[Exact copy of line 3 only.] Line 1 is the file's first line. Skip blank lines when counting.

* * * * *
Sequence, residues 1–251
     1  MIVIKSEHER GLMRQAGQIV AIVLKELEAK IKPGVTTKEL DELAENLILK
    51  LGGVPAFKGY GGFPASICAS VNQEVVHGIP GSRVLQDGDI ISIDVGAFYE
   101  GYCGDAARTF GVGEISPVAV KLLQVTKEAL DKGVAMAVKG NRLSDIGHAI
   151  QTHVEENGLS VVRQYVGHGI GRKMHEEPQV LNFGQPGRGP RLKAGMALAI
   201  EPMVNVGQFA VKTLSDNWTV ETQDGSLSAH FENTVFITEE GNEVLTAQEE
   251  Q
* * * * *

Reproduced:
    51  LGGVPAFKGY GGFPASICAS VNQEVVHGIP GSRVLQDGDI ISIDVGAFYE